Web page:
Was Prohibition Bound To Fail?

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Was Prohibition Bound To Fail?

a)        The two accounts consider Prohibition from different viewpoints.  They offer slightly different reasons as to why Prohibition was introduced although the intentions are the same.  They also agree on the outcome of it's implementation.

        Source A, taken from an American History book published in 1973 discusses the differing reasons why Prohibition was considered to be a good idea, It mentions "the bad influence of saloons."  Source B, taken from a different American History book published in 1979, agrees with Source A.  It is more detailed in that it mentions a crusade by the "Women's Christian Temperance Union" against "one of the great evils of the times - alcoholism."

        The two sources also agree when mentioning the conservation of grain.  The First World War was in progress and many people felt that food for the population should come before alcohol.  Source A mentions this specifically, referring to "the wartime concern for preserving grain for food."   Source B makes a more oblique reference to the 1917 "nation-wide campaign, led by the Anti-Saloon League."  This campaign was organised to make congress "ban the use of grain for either distilling or brewing."

        Source A also briefly mentions the Anti-Saloon League influencing this decision.  The two sources do not directly agree on the outcome of Prohibition's introduction, although they infer that the result was the same.

        Source A refers directly to Prohibition creating "the greatest criminal boom in American History" whereas Source B says that "Gangsters like Dutch Schulz and Al Capone had turned the avoidance of Prohibition into big, violent business.  Therefore it can be seen that both sources agree.

        The reason why Prohibition caused so much criminal activity and problems in American Society is also referenced in both sources.  Again they do not explain this in the same way. Source A describes prohibition as producing an unrivalled amount of "widespread crime."  It goes on to say "no earlier law had gone against the daily customs, habits and desires of so many Americans."  Source B can be seen to agree with this when using a quote by Al Capone.  He says his is supporting the American population's desire for alcohol.  Al Capone considered that Prohibition has created a new entrepreneurial possibilities, he said "Prohibition is a business" and went on to say "all I do is supply a public demand."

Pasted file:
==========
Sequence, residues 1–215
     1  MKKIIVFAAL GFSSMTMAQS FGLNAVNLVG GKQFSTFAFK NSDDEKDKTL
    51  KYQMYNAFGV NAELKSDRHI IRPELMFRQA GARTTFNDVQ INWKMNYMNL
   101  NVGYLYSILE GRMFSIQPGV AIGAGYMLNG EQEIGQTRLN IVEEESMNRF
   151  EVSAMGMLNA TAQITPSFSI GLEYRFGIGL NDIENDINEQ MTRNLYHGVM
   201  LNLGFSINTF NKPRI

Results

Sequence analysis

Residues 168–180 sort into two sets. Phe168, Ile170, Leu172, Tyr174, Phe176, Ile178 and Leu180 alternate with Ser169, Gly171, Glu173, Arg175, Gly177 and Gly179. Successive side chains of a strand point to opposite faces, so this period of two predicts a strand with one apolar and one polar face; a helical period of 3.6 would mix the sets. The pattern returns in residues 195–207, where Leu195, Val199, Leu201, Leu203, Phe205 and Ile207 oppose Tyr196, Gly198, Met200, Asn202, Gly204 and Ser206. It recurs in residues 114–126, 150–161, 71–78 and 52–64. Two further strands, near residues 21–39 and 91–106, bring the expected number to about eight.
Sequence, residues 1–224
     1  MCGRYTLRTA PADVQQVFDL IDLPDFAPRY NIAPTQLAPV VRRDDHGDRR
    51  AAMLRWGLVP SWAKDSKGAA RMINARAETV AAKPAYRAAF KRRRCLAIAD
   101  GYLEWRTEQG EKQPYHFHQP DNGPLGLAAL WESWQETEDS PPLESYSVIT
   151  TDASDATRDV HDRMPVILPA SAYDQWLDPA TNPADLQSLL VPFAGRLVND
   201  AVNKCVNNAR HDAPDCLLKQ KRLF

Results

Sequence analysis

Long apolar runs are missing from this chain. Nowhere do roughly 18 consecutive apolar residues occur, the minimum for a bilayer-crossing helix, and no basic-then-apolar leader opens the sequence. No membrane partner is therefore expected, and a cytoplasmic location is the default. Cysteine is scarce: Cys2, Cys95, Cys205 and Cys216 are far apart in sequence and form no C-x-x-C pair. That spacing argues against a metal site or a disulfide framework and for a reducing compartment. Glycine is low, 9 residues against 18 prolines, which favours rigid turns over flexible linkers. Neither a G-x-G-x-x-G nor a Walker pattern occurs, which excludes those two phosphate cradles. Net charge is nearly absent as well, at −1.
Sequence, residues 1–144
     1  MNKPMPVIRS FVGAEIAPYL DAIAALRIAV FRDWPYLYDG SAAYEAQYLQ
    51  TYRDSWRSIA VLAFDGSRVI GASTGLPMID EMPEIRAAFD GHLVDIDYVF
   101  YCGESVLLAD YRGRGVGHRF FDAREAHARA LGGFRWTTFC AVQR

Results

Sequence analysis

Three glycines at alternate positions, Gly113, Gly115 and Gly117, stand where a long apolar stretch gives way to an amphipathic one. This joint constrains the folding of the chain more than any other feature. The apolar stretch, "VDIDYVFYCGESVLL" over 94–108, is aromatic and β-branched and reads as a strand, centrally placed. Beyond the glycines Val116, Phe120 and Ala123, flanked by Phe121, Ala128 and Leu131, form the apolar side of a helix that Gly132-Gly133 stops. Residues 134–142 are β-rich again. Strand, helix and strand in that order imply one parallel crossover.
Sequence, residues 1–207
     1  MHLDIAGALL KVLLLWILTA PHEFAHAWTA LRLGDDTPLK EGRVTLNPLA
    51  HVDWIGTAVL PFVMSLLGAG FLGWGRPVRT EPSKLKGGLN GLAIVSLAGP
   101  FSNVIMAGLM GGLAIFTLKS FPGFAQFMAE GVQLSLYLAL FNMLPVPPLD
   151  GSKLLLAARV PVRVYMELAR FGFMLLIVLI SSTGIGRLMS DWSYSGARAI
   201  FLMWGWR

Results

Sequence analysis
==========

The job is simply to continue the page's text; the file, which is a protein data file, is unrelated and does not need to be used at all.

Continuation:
Therefore on first studying the two sources it could be concidered that they are dissimilar, however, with a more thorough investigation it can be seen that, in the most part, they agree.

b)        The Artists for the two posters shown as Source C and Source D are in agreement.

        Source C depicts a man drinking in what it refers to as "The Poor Mans Club."  It is entitled "Slaves of the saloon" inferring that men were owned by the Public Houses because they did not want, or were not able, to break free of alcohol.  It can be seen that men would go into a saloon on payday and spend their week's wages on drink.  In the smaller picture a woman can be seen slumped over the table in despair and her child looking into an empty dinner bowl.  The quote describing this picture says "it keeps its members and their families always poor."

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        Source D, entitled "Daddy's in there" shows two children looking at a saloon.  They go onto say "our shoes and stockings and food are in the saloon too, and they'll never come out."  This is a direct reference to men spending their wages, which would normally be used for housekeeping, in the saloon.  It shows children as being made to suffer as money meant to provide them with clothes and shoes would be spent on alcohol.

        The two sources use different emotions to say the same thing.  Source A in the larger picture appears sarcastic and a 'put ...

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